"However it is difficult to tell the difference between lime and gypsum plaster once the plaster has cured"

The Worley Way plaster method looks nothing like the old lime plaster in my house. Mainly because there is no sand added, but also the color is all wrong.


"Although lime plaster was used in this country until the early 1900s, it had certain disadvantages. A plastered wall could take more than a year to dry"

I've read this before, but from what I’ve read – bits and pieces, here and there – this does not seem to be a problem. The information I got from some UK sites refer to lime plaster as being "fat" or "lean", and the difference between “Slaked lime” and “hydrate lime”. I don’t fully understand it, but it seems that it is the slaked lime putty that can take a year to set and not the hydrate lime. I’m still a little confused, but here are a few quotes from the UK site.

“The word 'lime' refers to quicklime or slaked lime, widely used to form the binder for mortars, plasters, renders and washes prior to the mid-19th century. Quicklime is produced when limestone is heated in a kiln. Slaked lime is obtained when this is then combined with water to create a putty (stored in tubs), hydrate (bagged powder) or, where the reaction takes place in sand, ‘dry-slaked’ mix. Lime-based products harden by absorbing carbon dioxide to revert back to calcium carbonate (‘carbonation’). Chemically, this is the same as the original limestone, hence the term ‘lime cycle’.”

“There are two main types for conservation work:

Non-hydraulic lime from relatively pure limestone. This hardens only by carbonation. It is classified as CL under European standards. The purest is described as ‘fat’, the less pure as ‘lean’. Impurities in the latter impart a slight hydraulicity, but insufficient for it to be called ‘hydraulic’;

Natural hydraulic lime from limestone with reactive silica and aluminum impurities. These have a harder set, as calcium silicates and aluminates form in the presence of water in addition to any calcium carbonate from carbonation. Natural hydraulic lime is classified as NHL 2, 3.5 and 5.”

These quotes can be found at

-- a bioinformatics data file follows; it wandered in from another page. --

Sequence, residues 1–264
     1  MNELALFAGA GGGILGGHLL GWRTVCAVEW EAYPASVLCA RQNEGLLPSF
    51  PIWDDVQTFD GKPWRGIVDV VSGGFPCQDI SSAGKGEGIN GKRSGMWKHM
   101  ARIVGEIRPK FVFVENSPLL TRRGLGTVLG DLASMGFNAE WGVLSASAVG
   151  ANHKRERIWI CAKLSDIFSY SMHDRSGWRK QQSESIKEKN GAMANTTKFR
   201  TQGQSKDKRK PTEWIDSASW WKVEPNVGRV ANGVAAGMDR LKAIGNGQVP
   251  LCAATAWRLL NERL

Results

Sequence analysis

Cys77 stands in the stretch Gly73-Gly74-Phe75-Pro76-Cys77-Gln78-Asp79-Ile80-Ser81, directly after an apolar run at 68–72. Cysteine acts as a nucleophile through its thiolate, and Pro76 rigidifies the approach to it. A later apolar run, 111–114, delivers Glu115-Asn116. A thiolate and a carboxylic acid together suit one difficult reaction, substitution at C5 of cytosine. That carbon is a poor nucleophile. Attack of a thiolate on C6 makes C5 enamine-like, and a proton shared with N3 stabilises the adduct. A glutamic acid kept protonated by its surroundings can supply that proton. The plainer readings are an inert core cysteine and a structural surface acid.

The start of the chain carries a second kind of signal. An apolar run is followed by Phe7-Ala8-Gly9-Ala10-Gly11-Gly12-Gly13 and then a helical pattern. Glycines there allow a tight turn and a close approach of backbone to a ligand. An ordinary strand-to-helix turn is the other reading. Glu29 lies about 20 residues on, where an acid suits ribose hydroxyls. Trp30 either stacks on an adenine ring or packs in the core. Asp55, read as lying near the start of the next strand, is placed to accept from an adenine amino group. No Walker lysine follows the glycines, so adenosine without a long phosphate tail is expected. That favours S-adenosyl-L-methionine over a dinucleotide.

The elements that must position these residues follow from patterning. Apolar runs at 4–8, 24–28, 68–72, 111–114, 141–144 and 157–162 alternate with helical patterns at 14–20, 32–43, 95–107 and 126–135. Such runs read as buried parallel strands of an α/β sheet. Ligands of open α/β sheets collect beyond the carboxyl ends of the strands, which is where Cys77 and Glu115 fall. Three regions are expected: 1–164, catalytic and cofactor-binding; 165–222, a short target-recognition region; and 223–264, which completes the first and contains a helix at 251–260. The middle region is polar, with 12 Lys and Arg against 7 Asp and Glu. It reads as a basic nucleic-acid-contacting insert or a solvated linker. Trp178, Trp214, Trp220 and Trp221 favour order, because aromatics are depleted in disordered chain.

This is sort of the frustrating thing about getting information about working with lime based plaster. If I read and are told that it will take a year to set up and you will need to wait to paint, it scares me away from trying it. Yet, I read where others have worked with lime plaster without this problem. Very frustrating.

And it still doesn't answer the question as why gypsum wasn't used in the 19th century.

Inquiring minds want to know.

Gary said...

Horse hair plaster isn't what it seems. I think goat hair is more common or cow hair even. I read that somewhere. When I re-plastered my basement walls I used lime plaster which I mixed up by slaking a bag of masons lime to make lime putty and then adding 3 to 4 parts sand with one part putty and I used polypropelene fibers instead of kitten hair which we have a lot of! If you skip the hair or fibers your plaster will crack quite a bit. The stuff works great, takes days to dry which makes smoothing easier and a finish coat would consist of 1 part fine sand with one part lime putty. You could just use lime putty. If you play with it a bit you get a Venetian plaster texture. I know how much you hate JOINT COMPOUND but go read the ingredients. It is basically lime, gypsum, chalk, powdered perlite or sand and an acrylic medium instead of water. I think the long drying time of one year would depend on humidity. England is a damp place and if you don't have air flow this could be the case. I suspect gypsum wasn't used commonly because the rock beds weren't discovered or mining of it wasn't profitable since limestone is much more abundent. Gypsum is a product of drying lake beds in a hot climate. Quicklime is calcium oxide. Slaked lime is calcium hydroxide. Masons lime is powdered calcium hydroxide. When drying the hydrated lime reacts with carbon dioxide in the air to form calcium carbonate (limestone).
Lime walls is why people used milk paint and whitewash to cover them allowing them to breath. Don't know if this info helps you. A 50 lb. bag of masons lime should cost you no more than $7.00.

Greg said...

Yes, that does help. I agree that horse hair may or may not have been the most common. I think it did become more common in later years, but regardless, it’s kind of hard to say. I put “Horse Hair” in quotes for the reason that it may not have always been horse hair, but it is a common name.

As for the one year drying time, I’ve only read this in American literature. I never read that in the UK info I saw. That’s one of the reasons it’s so confusing. I think it has to do with the “fat” and “lean” designations of the lime putty. I’m not sure which it is, but I think the fat or the lean putty will not set quickly. In fact, some lime putties will keep for years under water without setting. Some versions of lime putty you can fill a pale with it, and pour on an inch of water and it will keep for 4 or 5 years. At least that’s what I’ve read. What is the recipe for this mystery lime putty. I don’t know. That piece of information is always left out.